These advocates can help to educate staff and contractors about the benefits of digital and encourage change, not just from the top-down, but from the ground up. First steps include inviting a representative to join the board or create a steering group. Then digital is kept at the forefront of business planning.
4. Industry-led training
Training and where the investment comes from is an issue that affects all industries, not just construction. With increased digitisation, a skills gap between what people learn in formal education and what they need on the ground can widen in a generation.
The Construction Leadership Council argues that HE worldwide had been slow to react to construction’s needs for BIM skills. They recommend that businesses switch the focus to collaborative training with their supply chain, which rather than looking at the modelling tech itself, contextualising BIM and data management. (Construction Leadership Council) If we return to our SWOT analysis, failing to recruit and foster the right skills is a threat to the business in the digital economy. In addition, studies show that a critical factor in millennial staff retention - who will make up most of the labour market - is training and engagement.
The digital maturity of the project is only as high as the part of the supply chain that is least technologically smart. Construction brings together a cast of interdependent players from architects, quantity surveyors, construction workers, contractors and sub-contractors. Thus, digital transformation is a big challenge. Could we join forces and create a joined-up approach between partners to invest in digital and reap the joint rewards?
Perhaps this is a step too far, but collaboration plays a big part here. Interoperable systems which allow all stakeholders to collaborate in real-time and have the digital data post-project are invaluable in helping to prove the worth of digital and embed it sector-wide.
6. Sell it in
Ultimately your end-users may not be interested in your digital maturity as a business. The fact that BIM was not a priority for clients was one of the reasons cited as holding back its usage. (NBS BIM Report 2019).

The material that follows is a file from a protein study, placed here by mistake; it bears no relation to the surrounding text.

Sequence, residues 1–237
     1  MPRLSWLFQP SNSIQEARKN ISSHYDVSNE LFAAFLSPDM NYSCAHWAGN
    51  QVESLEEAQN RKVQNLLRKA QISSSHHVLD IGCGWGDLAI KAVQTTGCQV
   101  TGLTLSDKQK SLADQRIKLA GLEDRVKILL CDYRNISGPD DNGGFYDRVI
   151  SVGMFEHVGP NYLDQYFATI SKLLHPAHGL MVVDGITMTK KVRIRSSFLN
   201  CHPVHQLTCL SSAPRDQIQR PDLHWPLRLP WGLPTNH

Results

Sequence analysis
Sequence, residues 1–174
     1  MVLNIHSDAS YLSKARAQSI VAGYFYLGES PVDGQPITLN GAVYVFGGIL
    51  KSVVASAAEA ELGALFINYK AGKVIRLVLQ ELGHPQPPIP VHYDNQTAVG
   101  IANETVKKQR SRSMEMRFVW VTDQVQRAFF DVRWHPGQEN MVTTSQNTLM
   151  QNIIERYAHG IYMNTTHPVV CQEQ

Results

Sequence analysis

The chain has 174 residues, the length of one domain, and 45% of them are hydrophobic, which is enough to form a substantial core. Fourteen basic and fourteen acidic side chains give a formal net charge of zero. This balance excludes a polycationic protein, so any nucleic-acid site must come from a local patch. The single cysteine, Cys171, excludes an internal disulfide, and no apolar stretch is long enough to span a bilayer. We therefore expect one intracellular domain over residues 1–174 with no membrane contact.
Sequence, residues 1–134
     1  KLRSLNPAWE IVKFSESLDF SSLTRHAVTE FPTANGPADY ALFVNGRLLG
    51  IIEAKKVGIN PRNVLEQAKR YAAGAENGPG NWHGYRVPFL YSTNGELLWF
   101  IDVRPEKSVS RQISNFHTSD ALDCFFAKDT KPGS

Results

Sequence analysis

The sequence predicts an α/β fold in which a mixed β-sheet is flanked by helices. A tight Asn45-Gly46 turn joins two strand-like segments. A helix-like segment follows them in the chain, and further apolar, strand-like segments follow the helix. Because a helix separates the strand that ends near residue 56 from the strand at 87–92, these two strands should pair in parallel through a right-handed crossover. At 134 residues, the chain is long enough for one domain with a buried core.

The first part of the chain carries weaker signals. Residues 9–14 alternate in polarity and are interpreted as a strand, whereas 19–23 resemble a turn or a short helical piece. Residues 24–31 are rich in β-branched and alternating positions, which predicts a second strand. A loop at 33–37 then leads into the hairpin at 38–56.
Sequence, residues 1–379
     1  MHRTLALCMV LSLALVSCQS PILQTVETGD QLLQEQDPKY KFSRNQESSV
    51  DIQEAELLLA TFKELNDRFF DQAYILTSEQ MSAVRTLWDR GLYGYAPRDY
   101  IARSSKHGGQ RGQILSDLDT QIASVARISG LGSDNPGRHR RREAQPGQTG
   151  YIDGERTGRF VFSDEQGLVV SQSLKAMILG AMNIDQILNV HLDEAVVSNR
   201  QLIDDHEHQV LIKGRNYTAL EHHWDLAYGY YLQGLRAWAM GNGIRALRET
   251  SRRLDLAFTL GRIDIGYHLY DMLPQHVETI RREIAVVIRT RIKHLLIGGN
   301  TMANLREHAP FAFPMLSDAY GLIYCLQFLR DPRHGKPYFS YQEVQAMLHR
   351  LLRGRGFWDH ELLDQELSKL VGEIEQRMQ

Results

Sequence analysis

When marketers promote tech, the motivational drivers for their audiences are not about the spec so much as what the tech can achieve. How can it make us do our jobs better? How can it make our clients happier? For stakeholders and clients, it is the positive results and outcomes of using technology, which should be drawn upon to educate and win clients. For instance, to show how BIM usage has improved the end-product and offered added value by reducing defects in buildings or improved energy efficiency.
The challenge is on for construction to exploit the benefits of digital, but the results of the digital construction champions are already inspiring. As Mark Boyle, Global Design Director at Robert Bird Group says:
“If we don’t do it, we’ll get external disruptors, digital innovators will come into our industry and change it from the outside. That’s a real danger.”(Building.co.uk)
Which methods for embedding digital and new technology have worked for your business? Do share in the comments below and follow the blog for the next part of our digital construction series where we’ll be looking at the challenges of big data and privacy.
Interested in how BIM usage can help your business? Find out more about our Lobster Vision and BIM integration: